After an epic journey lasting some 250 days, the First Fleet struck the shores of Botany Bay in NSW. Setting to colonise a nation were captains, crews, convicts and civilians, who brought down the gangplanks with them some 19 goats, 44 sheep, 32 pigs, 87 chickens, four cows, six horses and five rabbits.
In an attempt to forge out a European-like nation, the latter hard-hooved immigrants altered the landscape of Australia like no other. But it was “on the sheep’s back” we rode, straddling the hapless animal with droughts and floods, mulesing and mustering, castration and tail-docking, the latter two without any anaesthetic or pain relief. So many suffered in silence, unseen and unknown. Yet the greatest assault came in the smallest of forms; a fly – not just any fly and by many accounts, quite a “pretty” fly at that. The most colourful Lucy fly strikes her insidious and cruel blow as her larvae steadily, stealthily and painfully munched their way through the flesh of their hapless victim.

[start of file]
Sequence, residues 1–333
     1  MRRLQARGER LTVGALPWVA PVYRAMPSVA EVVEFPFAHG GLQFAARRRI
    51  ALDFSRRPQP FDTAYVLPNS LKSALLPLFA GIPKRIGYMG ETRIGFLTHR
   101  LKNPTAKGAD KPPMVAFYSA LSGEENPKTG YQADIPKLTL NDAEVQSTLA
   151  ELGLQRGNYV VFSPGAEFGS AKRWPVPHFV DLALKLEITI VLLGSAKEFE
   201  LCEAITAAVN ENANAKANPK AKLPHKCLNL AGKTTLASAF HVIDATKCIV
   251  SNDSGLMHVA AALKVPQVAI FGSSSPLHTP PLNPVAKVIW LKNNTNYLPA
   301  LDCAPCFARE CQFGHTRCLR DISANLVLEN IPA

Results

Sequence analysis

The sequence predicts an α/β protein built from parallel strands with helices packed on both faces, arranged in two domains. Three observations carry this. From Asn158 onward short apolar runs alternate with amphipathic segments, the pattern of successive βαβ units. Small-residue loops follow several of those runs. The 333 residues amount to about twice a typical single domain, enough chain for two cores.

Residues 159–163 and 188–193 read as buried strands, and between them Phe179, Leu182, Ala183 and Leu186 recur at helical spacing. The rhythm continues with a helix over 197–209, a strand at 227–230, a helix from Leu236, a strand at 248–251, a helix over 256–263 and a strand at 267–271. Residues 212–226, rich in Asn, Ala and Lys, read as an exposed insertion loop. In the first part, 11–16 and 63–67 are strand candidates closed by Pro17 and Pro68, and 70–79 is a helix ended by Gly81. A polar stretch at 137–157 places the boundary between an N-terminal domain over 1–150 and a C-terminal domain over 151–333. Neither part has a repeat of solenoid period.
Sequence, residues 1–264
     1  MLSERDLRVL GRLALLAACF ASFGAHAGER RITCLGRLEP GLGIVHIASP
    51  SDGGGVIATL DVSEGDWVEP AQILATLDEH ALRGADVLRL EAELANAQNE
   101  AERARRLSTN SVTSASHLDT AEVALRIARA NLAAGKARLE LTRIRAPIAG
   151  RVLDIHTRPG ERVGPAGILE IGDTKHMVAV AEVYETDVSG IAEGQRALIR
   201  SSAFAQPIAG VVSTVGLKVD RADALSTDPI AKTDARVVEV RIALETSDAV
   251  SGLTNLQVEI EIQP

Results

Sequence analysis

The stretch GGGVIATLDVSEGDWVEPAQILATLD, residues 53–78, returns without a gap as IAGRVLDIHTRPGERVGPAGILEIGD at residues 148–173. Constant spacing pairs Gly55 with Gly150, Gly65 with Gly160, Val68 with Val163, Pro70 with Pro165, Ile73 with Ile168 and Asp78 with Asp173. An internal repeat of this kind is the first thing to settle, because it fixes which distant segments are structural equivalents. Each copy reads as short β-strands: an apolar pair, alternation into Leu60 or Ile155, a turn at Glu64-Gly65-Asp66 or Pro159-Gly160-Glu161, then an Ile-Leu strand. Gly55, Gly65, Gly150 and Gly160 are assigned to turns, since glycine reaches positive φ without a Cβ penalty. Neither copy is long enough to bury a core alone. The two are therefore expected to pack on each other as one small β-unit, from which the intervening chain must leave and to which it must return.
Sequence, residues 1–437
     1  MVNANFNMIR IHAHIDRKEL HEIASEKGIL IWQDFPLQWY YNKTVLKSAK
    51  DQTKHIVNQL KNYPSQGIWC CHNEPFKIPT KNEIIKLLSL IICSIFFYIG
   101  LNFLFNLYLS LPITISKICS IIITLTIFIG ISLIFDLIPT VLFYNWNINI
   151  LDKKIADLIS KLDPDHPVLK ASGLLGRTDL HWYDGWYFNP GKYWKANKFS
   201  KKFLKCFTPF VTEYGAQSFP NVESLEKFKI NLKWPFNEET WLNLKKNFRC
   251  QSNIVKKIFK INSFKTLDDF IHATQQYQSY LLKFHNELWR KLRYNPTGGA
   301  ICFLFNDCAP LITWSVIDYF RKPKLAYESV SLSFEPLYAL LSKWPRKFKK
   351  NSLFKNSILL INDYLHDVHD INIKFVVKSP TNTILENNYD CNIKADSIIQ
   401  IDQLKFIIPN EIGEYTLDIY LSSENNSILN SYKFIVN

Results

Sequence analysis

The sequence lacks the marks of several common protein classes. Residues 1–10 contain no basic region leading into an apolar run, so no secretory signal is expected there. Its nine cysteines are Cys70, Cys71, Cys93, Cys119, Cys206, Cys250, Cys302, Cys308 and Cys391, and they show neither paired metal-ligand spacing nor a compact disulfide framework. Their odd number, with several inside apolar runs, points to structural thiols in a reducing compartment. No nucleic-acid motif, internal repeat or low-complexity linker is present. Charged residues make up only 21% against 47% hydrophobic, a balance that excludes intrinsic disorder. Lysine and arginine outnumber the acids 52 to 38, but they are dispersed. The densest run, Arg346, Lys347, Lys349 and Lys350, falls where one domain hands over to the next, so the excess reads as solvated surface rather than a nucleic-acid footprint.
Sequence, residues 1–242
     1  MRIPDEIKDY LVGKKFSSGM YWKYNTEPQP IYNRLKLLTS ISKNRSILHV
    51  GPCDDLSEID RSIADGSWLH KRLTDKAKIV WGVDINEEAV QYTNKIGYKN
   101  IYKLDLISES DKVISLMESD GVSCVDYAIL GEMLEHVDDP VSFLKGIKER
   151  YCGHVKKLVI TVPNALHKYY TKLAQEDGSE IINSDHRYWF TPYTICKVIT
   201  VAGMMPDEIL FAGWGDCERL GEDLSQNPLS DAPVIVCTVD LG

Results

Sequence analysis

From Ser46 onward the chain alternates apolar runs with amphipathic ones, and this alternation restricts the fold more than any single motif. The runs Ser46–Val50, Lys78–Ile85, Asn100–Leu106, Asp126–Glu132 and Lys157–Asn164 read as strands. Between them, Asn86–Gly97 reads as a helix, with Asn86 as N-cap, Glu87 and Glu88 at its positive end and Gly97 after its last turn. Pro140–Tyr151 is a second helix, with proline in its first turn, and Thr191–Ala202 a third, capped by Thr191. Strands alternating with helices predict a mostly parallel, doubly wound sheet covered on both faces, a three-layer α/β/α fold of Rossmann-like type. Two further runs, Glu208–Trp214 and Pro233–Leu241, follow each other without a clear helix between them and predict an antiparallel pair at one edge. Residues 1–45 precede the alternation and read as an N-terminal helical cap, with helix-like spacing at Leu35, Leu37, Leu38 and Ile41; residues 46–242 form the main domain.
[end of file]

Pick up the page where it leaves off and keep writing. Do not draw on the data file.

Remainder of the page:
Countless sheep each year succumb to “flystrike”and set to be in this number were Pepsi and Cola. But then kindness stood in the way and the duo arrived into our care, in a state far less than the effervescence their sweet names suggest. With pain relief, antibiotics and removal of the offending maggots delivered, Pepsi and Cola could well be said to have “struck it lucky” the day they landed at Edgar’s Mission.